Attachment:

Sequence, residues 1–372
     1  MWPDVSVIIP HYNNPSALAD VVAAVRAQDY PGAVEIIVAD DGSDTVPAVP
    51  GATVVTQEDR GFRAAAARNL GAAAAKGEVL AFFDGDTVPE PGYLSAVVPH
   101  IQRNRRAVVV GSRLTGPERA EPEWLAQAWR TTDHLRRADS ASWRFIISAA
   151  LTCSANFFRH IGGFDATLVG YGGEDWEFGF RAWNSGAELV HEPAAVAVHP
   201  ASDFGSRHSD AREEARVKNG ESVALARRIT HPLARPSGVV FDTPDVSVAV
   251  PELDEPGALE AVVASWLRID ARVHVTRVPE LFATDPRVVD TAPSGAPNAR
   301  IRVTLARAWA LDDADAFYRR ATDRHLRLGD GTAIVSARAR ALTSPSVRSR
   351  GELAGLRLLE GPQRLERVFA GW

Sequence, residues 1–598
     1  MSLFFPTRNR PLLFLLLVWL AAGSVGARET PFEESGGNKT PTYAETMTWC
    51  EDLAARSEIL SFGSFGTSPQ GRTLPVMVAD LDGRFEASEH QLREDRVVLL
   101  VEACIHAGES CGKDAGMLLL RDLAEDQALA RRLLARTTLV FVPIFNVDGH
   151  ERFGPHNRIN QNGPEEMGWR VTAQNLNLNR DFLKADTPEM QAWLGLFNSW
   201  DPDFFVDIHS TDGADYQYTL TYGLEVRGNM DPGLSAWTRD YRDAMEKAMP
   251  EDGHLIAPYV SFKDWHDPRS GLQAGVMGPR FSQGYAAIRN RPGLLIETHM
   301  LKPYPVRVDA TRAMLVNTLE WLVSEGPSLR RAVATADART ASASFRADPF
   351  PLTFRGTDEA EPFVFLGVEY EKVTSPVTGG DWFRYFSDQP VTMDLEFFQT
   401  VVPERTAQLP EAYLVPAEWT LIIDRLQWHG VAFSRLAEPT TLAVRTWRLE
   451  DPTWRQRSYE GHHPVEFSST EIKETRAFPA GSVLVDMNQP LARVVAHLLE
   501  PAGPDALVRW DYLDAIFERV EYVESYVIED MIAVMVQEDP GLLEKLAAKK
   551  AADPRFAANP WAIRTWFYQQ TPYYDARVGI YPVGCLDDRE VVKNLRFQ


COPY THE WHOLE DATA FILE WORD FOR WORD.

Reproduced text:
Sequence, residues 1–372
     1  MWPDVSVIIP HYNNPSALAD VVAAVRAQDY PGAVEIIVAD DGSDTVPAVP
    51  GATVVTQEDR GFRAAAARNL GAAAAKGEVL AFFDGDTVPE PGYLSAVVPH
   101  IQRNRRAVVV GSRLTGPERA EPEWLAQAWR TTDHLRRADS ASWRFIISAA
   151  LTCSANFFRH IGGFDATLVG YGGEDWEFGF RAWNSGAELV HEPAAVAVHP
   201  ASDFGSRHSD AREEARVKNG ESVALARRIT HPLARPSGVV FDTPDVSVAV
   251  PELDEPGALE AVVASWLRID ARVHVTRVPE LFATDPRVVD TAPSGAPNAR
   301  IRVTLARAWA LDDADAFYRR ATDRHLRLGD GTAIVSARAR ALTSPSVRSR
   351  GELAGLRLLE GPQRLERVFA GW

Sequence, residues 1–598
     1  MSLFFPTRNR PLLFLLLVWL AAGSVGARET PFEESGGNKT PTYAETMTWC
    51  EDLAARSEIL SFGSFGTSPQ GRTLPVMVAD LDGRFEASEH QLREDRVVLL
   101  VEACIHAGES CGKDAGMLLL RDLAEDQALA RRLLARTTLV FVPIFNVDGH
   151  ERFGPHNRIN QNGPEEMGWR VTAQNLNLNR DFLKADTPEM QAWLGLFNSW
   201  DPDFFVDIHS TDGADYQYTL TYGLEVRGNM DPGLSAWTRD YRDAMEKAMP
   251  EDGHLIAPYV SFKDWHDPRS GLQAGVMGPR FSQGYAAIRN RPGLLIETHM
   301  LKPYPVRVDA TRAMLVNTLE WLVSEGPSLR RAVATADART ASASFRADPF
   351  PLTFRGTDEA EPFVFLGVEY EKVTSPVTGG DWFRYFSDQP VTMDLEFFQT
   401  VVPERTAQLP EAYLVPAEWT LIIDRLQWHG VAFSRLAEPT TLAVRTWRLE
   451  DPTWRQRSYE GHHPVEFSST EIKETRAFPA GSVLVDMNQP LARVVAHLLE
   501  PAGPDALVRW DYLDAIFERV EYVESYVIED MIAVMVQEDP GLLEKLAAKK
   551  AADPRFAANP WAIRTWFYQQ TPYYDARVGI YPVGCLDDRE VVKNLRFQ